Pacemaker Blew Out Tailstock Ram Threads!!
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  1. #1
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    Default Pacemaker Blew Out Tailstock Ram Threads!!

    Was setting up to trim down an impeller wear ring on the old 1943 20" HD Pacemaker last Tuesday. Ran the tailstock ram out as far as possible to get some travel on the carriage and went to where it ran off the screw. No big deal, happens all the time. When I went to retract the ram, it felt tight, so I ran it back out, bumped it lightly with a mallet while turning the wheel and it started to go back in, then got tight again, then loose, then tight, then loose, then tight and quit moving. Swapped to the #$%^ing Summit to get the job done and came back later. Once I got the ram out (no help from the handwheel), I stood it taper down on the bench and the bronze threads fell out, one by one. Flipped it around and removed the bronze threaded insert, which was now just an insert... no threads.

    Ordered a chunk of 2.250" aluminum bronze and it came 2.250. No room for error, so just passed a piece of emory cloth down it to polish it up and let it ride. Luckily, we had a 1" 5TPI Acme tap in the drawer! I pulled the wheel and screw out and life suddenly got more difficult. Somebody's brother in law at American must have owned a shop that specialized in 1" 6TPI square thread parts, because that's what the tailstock ram screw is. So much for a simple tapping job. My 4 years of single pointing every imaginable thread form and pitch at the hydraulic shop were about to pay off.

    I just rough measured the thread space width at about .085", so I ground a square thread tool for .090 to give a little room if it got tight at the back end. Depth of thread was 3/32nd, so that made it easy. Piloted a 1/4",then drilled a 13/16ths hole. Set up 6TPI on the Leblond and kicked the compound perpendicular to the cross slide. Couldn't take more than about .005" depth of cut without it barking, so just took my time. Went to .1875 on the cross feed (diametral dial on the LeBlond) and then took it on out to .1900, just to be sure it cleared. Tested the screw and it started, but was a tad tight. I knew I had a burr on the entry, so figured I should let it ride. Gulped as I removed the part from the jaws and cleaned up all burrs. It spun on the screw freely with no perceptible play.

    Last bit was to set the Cincy horizontal up with a 3/16" radius cutter and cut a groove for the retaining pin. Sure slicker and faster than an endmill.

    Got it all back together and the handwheel spins freely until you draw in far enough to eject a center or tool with no tang. It gets a little tight, but nothing you can't deal with one handed.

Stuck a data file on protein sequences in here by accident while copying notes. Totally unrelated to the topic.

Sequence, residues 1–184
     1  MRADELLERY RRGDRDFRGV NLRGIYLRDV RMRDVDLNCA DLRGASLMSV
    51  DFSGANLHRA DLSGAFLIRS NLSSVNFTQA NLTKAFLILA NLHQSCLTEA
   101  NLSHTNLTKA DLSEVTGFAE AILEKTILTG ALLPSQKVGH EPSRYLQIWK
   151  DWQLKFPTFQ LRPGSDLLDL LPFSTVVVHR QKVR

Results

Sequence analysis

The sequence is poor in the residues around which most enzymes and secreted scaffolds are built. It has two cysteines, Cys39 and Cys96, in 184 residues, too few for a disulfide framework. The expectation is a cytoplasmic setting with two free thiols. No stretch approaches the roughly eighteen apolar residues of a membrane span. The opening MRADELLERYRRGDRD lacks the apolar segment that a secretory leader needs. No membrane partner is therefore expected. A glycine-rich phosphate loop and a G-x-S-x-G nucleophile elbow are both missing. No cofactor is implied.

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    got any pictures? i will prob need to do this on my pacemaker sooner than later. there isnt much left of the thread in my tailstock.

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    Thanks Mike, for finding time for that great post. Glad you are back

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    Quote Originally Posted by climb-101 View Post
    got any pictures? i will prob need to do this on my pacemaker sooner than later. there isnt much left of the thread in my tailstock.
    It's just stupid straight forward work. Only trick is grinding the left hand thread tool. Make sure to wrap your brain around the fact that the leading side of the tool needs to slope away from the flank of the left handed thread... and that this will be on the OPPOSITE side to what you are used to grinding for a threading tool. As might be expected, an experienced machinist like myself would have no problem with this, right? Nope, I screwed it up and ended up with a clearance on BOTH sides. So, should I ever have to cut a RIGHT handed square thread in the future, I now inadvertently have a tool that is capable of either, lol.

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    Quote Originally Posted by Mike C. View Post
    It's just stupid straight forward work. Only trick is grinding the left hand thread tool. Make sure to wrap your brain around the fact that the leading side of the tool needs to slope away from the flank of the left handed thread... and that this will be on the OPPOSITE side to what you are used to grinding for a threading tool. As might be expected, an experienced machinist like myself would have no problem with this, right? Nope, I screwed it up and ended up with a clearance on BOTH sides.
    Relax, Bro. That's not a "screw up" at all.

    Normal practice, back in the day, rather.

    Couple or four entire human generations of us "generally" cut threads with no compound on the lathe. "Straight in", IOW. We NEEDED heel clearance both sides.

    Only "one way" threading tools I've EVER ground were for use where the thread itself was assymetrical. Butress. Dardelet. etc. Even so, I ground-in heel clearance, trailing side as well as leading out of habit.

    Doesn't HARM anything important. Not when yer paid Union scale by the hour, anyway!



    But even when time is "your OWN money", the "future-proofing" is pretty cheap.


    So, should I ever have to cut a RIGHT handed square thread in the future, I now inadvertently have a tool that is capable of either, lol.
    Got it in one. Good on yah!



    Purchased inserts, of course "are whatever they are". Order whatever works with whatever you are tooled-up to utilize.


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